Dr. Adolph Harnack is undoubtedly the greatest Protestant church historian since the days of Neander. He writes: "The baptized person must remain pure, or (as 2 Clement, e. g., puts it) 'keep the seal pure and intact.' " [46] In the same volume Harnack writes: "Justin, however, declares that baptism is only for those who have actually ceased to sin." [47] Continuing in the same volume the writer explains how the standard was let down. Referring to the Christians of that time he says: "The three characteristic titles, however, are those of 'saints,' 'brethren,' and 'the church of God,' all of which hang together. The abandonment of the term 'disciples' for these self-chosen titles marks the most significant advance made by those who believed in Jesus They took the name of 'saints,' because they were sanctified by God and for God through the Holy Spirit sent by Jesus, and because they were conscious of being truly holy and partakers in the future glory ... It [saints) remains the technical term applied by Christians to one another till after the middle of the second century; thereafter it gradually disappears, as Christians had no longer the courage to call themselves 'saints,' after all that had happened. Besides, what really distinguished Christians from one another by this time was the difference between the clergy and the laity (or the leaders and the led), so that the name 'saints' became quite obliterated; it was only recalled in hard times of persecution. In its place, 'Holy orders' arose (martyrs, confessors, ascetics, and finally -- during the third century -- the bishops), while 'holy media' (sacraments), whose fitful influence covered Christians who were personally unholy, assumed still greater prominence than in the first century. People were no longer conscious of being personally holy, but then they had holy martyrs, holy ascetics, holy priests, holy ordinances, holy writings, and a holy doctrine." [48]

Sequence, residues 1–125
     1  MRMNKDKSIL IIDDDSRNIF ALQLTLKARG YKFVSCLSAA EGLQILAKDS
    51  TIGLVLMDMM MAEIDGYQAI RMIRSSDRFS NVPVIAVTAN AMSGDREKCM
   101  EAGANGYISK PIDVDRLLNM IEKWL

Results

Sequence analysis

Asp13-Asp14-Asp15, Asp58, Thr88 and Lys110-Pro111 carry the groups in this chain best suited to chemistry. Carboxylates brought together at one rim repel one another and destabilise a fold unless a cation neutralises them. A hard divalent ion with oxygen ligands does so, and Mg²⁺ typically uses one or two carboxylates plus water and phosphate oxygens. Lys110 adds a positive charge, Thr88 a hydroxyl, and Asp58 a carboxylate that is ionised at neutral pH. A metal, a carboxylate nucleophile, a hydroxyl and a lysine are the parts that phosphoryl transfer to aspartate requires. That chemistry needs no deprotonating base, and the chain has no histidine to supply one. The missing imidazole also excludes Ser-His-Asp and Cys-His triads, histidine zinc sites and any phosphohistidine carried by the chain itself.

The same author in his famous History of Dogma writes: "Because Christendom is a community of saints which has in its midst the sure salvation, all its members -- this is the necessary inference -- must lead a sinless life." [49] The famous New Testament scholar, Dr. Johannes Weiss, writes: "Nothing is more remote from the Apostle's [Paul's] purpose than the fostering of confession of sins. The great confession of human sinfulness in Romans 7:14-25 is not that of a Christian; here is a condition of things which have been conquered." [50] "Certainly, according to Paul's conception, the true spiritual Christian in whom the Spirit is everything and the flesh is nonexistent, can't sin." [51] In fact, we can trace the exact point where the doctrine that all Christians must sin first entered the church. Windisch says that Origen (d. A.D. 254) legitimized the position of sinners in the church.